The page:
Before the game, I was talking to one of the Eagles' front office employees. She was saying what a good job the Lincoln Financial Field workers did removing the huge mounds of snow from the stands. She was right. It took 45 minutes to help shovel my friend's car out yesterday. Imagine how hard it was to clear a 67,000-seat stadium.
But despite the valiant effort, they couldn't get it all. There was still plenty left over when the gates opened and the fans trickled in. The first snowball was launched from the upper deck at 2:46 p.m. It almost reached the field. That was the opening salvo in what became the East Coast's largest intramural snowball brawl.
Around 6:45 - while the Eagles were holding off the 49ers and the game bled into the fourth quarter - snowball fights broke out in the south end zone. Before long, it seemed as though the entire stadium was engaged in the activity. Some people stood and watched or took cover. Lots of others gleefully participated, and white projectiles began flying from all over - the second blizzard in as many days, though this one was man-made.
"I'm surprised it's taken this long," Fox color analyst Daryl Johnston deadpanned.
That makes two of us, Moose.
The Eagles weren't thrilled. Toward the end of the game, the fans with particularly strong arms started launching snowballs at the Birds' bench - maybe just to see if they could throw them that far. (If the Phils are still looking for arms, they might want to audition some of those people.) Joe Mays got up and signaled for them to stop, but that didn't exactly work. That's when the organization put a message up on the video screens:
"Fans are requested to refrain from throwing objects onto the field or in the stands during the playing of today's game. Anyone who engages in such activity is subject to ejection or arrest."
The crowd reacted with the expected response. That is, they booed. A lot.
"We probably don't need to throw snowballs," Andy Reid said. "We're a classy crew in Philadelphia. Save that for the parking lot."
The Eagles clinched a playoff spot yesterday, but my guess is that the national pundits will spend more time today talking about the fans and their behavior than they will about the Birds' postseason aspirations. That's typical. It's also a little lame. There are probably more important things to discuss. No one should ever throw anything onto the field, but otherwise - so long as no one got hurt and everyone made it home in one piece - it was largely harmless.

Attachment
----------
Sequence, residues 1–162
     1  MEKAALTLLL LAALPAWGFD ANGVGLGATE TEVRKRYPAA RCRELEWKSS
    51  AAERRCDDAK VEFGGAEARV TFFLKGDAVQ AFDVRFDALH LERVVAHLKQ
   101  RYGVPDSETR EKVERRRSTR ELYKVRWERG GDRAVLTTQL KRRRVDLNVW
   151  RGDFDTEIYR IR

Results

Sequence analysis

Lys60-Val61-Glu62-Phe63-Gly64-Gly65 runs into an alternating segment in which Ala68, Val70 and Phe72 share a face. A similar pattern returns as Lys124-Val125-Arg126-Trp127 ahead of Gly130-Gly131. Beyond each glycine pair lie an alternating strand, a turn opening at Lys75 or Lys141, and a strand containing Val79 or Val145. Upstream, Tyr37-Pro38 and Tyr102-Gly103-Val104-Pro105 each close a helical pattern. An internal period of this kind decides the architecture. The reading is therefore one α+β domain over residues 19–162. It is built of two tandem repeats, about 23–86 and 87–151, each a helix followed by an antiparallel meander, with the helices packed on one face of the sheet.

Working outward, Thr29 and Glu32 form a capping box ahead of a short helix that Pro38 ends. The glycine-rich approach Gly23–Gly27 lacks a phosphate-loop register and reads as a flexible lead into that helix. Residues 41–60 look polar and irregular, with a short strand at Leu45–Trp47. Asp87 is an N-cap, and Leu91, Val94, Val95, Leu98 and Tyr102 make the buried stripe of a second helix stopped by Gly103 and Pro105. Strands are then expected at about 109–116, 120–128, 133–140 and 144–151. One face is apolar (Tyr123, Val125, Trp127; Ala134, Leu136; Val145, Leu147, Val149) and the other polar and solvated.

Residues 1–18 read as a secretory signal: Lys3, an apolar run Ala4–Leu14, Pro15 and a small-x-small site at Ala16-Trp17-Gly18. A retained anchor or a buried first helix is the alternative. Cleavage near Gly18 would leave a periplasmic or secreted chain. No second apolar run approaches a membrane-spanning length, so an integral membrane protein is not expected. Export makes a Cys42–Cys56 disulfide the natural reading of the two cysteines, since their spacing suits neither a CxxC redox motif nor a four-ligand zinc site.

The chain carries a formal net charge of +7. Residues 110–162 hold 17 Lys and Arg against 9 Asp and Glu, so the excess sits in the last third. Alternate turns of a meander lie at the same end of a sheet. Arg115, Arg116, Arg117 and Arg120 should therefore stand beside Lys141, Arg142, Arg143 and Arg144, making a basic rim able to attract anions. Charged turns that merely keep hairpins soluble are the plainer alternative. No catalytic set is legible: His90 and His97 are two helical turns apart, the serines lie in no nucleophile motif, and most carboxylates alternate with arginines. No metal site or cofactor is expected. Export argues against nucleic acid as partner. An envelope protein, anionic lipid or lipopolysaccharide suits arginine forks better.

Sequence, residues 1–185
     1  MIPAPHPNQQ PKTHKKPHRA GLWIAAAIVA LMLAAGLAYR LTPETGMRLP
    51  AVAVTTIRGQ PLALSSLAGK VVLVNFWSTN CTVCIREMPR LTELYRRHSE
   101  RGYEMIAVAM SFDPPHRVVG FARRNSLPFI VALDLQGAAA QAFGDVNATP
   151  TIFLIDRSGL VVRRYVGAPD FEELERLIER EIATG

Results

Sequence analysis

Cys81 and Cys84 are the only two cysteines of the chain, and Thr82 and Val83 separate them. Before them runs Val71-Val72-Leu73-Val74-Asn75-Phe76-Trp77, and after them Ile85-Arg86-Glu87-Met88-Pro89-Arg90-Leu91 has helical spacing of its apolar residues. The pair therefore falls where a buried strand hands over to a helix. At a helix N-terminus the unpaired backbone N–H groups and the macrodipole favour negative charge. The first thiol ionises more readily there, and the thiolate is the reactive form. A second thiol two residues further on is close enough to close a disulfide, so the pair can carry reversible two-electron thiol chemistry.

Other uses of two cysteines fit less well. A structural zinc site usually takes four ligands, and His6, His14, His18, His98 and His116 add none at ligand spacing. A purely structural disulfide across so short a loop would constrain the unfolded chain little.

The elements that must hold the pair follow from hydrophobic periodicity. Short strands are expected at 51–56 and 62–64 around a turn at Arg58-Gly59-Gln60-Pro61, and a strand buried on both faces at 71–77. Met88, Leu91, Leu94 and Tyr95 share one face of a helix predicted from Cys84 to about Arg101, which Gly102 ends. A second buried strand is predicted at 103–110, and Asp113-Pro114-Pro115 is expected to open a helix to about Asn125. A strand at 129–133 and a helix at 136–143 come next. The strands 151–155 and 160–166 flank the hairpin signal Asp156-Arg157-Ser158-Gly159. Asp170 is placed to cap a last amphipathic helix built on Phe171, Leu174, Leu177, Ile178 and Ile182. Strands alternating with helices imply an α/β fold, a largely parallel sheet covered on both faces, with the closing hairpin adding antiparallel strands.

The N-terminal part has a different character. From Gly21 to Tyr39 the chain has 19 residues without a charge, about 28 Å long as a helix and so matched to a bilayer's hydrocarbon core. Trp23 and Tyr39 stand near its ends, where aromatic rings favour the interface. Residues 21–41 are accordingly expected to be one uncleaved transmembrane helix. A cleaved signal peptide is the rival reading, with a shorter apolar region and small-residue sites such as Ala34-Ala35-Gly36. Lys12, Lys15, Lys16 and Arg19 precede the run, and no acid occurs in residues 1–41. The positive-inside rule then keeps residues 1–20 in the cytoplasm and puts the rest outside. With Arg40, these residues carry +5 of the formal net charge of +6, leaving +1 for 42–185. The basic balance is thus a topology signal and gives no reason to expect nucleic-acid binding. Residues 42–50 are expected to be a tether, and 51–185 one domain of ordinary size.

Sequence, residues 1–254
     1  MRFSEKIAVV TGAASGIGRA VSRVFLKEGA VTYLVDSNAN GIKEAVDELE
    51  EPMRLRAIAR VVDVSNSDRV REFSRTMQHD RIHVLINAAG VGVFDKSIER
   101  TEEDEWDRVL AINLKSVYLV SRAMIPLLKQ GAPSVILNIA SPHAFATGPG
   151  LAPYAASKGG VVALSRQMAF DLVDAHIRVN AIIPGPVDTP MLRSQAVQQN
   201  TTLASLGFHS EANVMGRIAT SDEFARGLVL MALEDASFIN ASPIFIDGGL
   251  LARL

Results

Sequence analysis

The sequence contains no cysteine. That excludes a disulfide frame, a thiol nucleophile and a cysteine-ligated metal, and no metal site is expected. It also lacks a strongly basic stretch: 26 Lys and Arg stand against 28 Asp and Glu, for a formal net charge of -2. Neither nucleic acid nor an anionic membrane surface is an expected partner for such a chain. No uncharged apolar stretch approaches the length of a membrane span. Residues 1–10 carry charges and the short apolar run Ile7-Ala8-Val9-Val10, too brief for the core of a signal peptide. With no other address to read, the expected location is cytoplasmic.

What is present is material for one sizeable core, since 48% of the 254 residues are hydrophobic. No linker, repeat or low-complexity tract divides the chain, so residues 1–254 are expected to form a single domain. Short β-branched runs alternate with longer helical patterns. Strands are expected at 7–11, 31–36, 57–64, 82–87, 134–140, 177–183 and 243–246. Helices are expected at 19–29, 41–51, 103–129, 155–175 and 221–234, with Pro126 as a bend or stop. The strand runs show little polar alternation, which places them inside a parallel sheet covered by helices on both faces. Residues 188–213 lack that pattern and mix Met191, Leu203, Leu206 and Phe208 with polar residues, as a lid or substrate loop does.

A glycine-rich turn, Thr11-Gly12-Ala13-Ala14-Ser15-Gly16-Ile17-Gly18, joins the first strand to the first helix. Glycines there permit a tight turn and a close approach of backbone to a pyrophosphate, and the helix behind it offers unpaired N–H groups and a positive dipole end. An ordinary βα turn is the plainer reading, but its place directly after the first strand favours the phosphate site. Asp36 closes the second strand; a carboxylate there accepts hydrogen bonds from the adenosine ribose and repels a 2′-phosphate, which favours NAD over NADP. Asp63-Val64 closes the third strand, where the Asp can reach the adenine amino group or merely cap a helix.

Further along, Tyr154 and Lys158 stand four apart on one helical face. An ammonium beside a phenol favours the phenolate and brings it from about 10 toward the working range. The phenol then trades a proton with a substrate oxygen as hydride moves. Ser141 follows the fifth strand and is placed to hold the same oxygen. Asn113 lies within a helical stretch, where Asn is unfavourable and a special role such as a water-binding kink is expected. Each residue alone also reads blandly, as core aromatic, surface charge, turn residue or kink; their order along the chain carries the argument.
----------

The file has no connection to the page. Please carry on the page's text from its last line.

"It looked like they were having fun," Jeremiah Trotter said. "I put my hoodie up. I just wanted to make sure I wasn't in harm's way."
Unlike a lot of people - journos and players alike - Trotter didn't make a huge deal out of it. He just sort of shrugged it off. After all, that's what people do when a storm dumps 20-something inches on their heads - they reach down, pack up a snowball, and fire it at their buddies. Or, failing that, someone wearing San Francisco gear.
Not far from the press box, over near Section 136, there was a flurry of activity. A guy in a white Niners Jeff Garcia jersey became the stadium's primary target for a few minutes. He was pelted from all angles, including quite a few snowballs that were dropped on his head from the upper deck. From where we were sitting, it looked like he eventually made it out unscathed.
One of Page 2's regular readers, a guy who calls himself Mullet Man (because he likes to wear a mullet wig to the games; go figure), was having a grand time. He was sitting right in front of me and, at one point, turned around and smashed a huge snowball onto the window that separated us. Then he smiled.
Before the critics freak out about what happened yesterday, they should relax a little and try that last part.
Andy Reid should send 49ers tight end Delanie Walker a nice fruit basket and a Christmas card. If Walker hadn't fumbled, the Niners might have scored and capitalized on Reid's curious decision to go for it on fourth-and-1 from their own 29 in the first quarter. Somewhere, even Bill Belichick shook his head after that call. . . . During the ESPN pregame show yesterday, Keyshawn Johnson said he likes the Birds to return to the NFC Championship Game: "After watching that worst 13-0 football team [Saturday night], I think the Philadelphia Eagles with Donovan McNabb at quarterback, if they can keep everyone healthy, I think you can see a team making a run at the championship." Clearly he's unfamiliar with the jinx concept Someone needs to tell that man to knock on wood posthaste. . . . Jeffrey Lurie looks a little like a Bond villain. How long until he starts carrying a white cat around?